Art, Music, Dance Therapy
Art, music and dance are all suited to using an Active Learning approach, and they are areas that offer so much to students with significant developmental disabilities.
While not every school district has a full time art, music, or dance therapist on staff, many do. What do these therapies focus on and how can an Active Learning approach be used with them?
Art therapy is used to improve cognitive and sensorimotor functions, foster self-esteem and self-awareness, cultivate emotional resilience, promote insight, enhance social skills, reduce and resolve conflicts and distress, and advance societal and ecological change.
One of the many enjoyable activities that can be focused on using an Active Learning approach is art, specifically visual or tactual art. In addition to being fun, children can practice important skills such as fine and gross motor skills, self-determination skills, social skills, sensory efficiency skills, and self-regulation skills.
One of the important principles of Active Learning that works so well with art therapy is the notion that the activity (art) is self-initiated. An art therapist working with the team can help design many activities that the child can initiate on his/her own with only minimal support from an adult. So, rather than art projects that are primarily done by the adult working with the child, your art therapist might be able to help the team identify activities that match the child’s current skills and emotional developmental level (Five Phases of Educational Treatment). For example, a child with little or no vision, would more likely enjoy art activities that are very tactual in nature such as playing with clay, finger painting, creating collages from found objects, making a wreath with herbs and fragrant flowers poked into Styrofoam.
If a child needs support from an adult to complete an activity, consider where the child is emotionally and socially. If they are functioning under the developmental age of 2 years, they will probably not be able to complete a project that is very complex or requires a lot of attention. They may also not be willing to work with the adult to follow directions. So consider activities like finger painting or painting with pudding that the child can do anyway they like and then let the adult shape the resulting material into a specific shape. Here are a few ideas:
- Finger paint with fall colors then have the adult cut the resulting design into leave shapes and glue them to a tree.
- Give the child a tray filled with kinetic sand and provide a variety of objects for him/her to poke into the sand. Offer tools like straws, chopsticks, pieces of wood that can be used to draw in the sand.
- Use a tray and let the child drip paint colors on the tray. Use a spoon or other tool to swirl the colors around. Place a square of bubble wrap on top of the paint and let the child pat or poke. Use the painted bubble wrap to make a print on paper.
- Off the child a collection of fruits and vegetables that they can dip into yogurt or pudding and press on to paper.
- Tape adhesive-backed paper sticky side up to a tray. Give the child various materials to play with such as sand, tissue paper pieces, feathers, etc. to pat onto the paper.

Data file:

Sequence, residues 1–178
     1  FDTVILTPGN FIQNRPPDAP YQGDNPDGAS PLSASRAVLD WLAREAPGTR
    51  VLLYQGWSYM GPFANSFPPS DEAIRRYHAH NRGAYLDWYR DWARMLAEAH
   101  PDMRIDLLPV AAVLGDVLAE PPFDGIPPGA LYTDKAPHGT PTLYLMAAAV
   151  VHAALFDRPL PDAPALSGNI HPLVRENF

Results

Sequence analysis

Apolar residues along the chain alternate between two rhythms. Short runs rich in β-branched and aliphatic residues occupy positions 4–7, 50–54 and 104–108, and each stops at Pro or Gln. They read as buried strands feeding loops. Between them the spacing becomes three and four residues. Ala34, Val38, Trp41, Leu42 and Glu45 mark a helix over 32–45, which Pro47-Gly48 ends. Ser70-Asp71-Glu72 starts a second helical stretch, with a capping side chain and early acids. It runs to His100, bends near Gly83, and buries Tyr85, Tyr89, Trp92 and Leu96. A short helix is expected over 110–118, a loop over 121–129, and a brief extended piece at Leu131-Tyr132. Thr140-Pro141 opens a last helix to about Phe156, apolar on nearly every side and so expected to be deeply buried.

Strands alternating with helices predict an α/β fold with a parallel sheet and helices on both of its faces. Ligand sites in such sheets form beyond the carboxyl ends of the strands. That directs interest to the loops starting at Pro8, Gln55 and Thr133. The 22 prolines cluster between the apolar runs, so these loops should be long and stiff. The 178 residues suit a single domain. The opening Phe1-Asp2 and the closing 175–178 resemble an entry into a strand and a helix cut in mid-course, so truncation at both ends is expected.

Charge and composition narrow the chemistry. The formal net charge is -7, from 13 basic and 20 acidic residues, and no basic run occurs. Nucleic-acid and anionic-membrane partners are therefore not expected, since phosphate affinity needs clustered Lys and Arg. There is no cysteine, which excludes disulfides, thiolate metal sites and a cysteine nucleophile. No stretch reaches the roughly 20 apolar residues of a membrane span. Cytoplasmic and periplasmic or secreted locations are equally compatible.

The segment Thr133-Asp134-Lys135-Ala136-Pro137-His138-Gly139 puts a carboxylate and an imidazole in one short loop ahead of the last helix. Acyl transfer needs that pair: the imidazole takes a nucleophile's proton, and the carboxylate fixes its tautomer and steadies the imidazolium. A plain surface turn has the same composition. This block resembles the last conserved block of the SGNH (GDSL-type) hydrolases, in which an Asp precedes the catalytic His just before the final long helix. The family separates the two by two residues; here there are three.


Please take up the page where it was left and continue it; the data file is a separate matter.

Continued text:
Sharing the Work: Making Paper-bag Puppets
In this video Patty Obrzut and her student share the work to create paper-bag puppets of Sesame Street characters, something Jalen loves. Note that she does not do for him what he can do for himself, but is available to offer support if he wants it.
The American Dance Therapy Association (ADTA) defines dance/movement therapy as the psychotherapeutic use of movement to promote emotional, social, cognitive and physical integration of the individual.
Dance therapy provides many benefits for children with significant developmental delays, even children who are deaf. Music is motivating and often gets the child moving on his/her own when nothing else can. Think of all the wonderful videos on TikTok of babies and others dancing!
Here are just a few of the benefits of dance:
- Overall physical fitness
- Improvements in flexibility, strength, and motor skills
- An increase in confidence and self-esteem
- An outlet for creativity and imagination
- Excellent stress relief
Research supports connections between speech and singing, rhythm and motor behavior, memory for recall and retention of academic material, and overall ability of preferred music to enhance mood, attention, and behavior to optimize the student’s ability to learn and interact. Rhythmic movement helps develop gross motor skills (mobility, agility, balance, coordination) as well as respiration patterns and muscular relaxation. Because music has the capacity to be customized or altered to meet individual needs it can be used to motivate movements or structure exercises that are prescribed in physical rehabilitation. Involvement in music may provide a favorable alternative to pain, discomfort, and anxiety often associated with some disabilities.
Music is processed by a different area of the brain than speech and language; so a student may be able to more easily interpret and absorb information and skills presented with music. One of the purposes of music therapy for students with disabilities is to provide the student with initial support using melodic and rhythmic strategies, followed by fading of musical cues to aid in generalization and transfer to other learning environments within the school setting.
American Music Therapy Association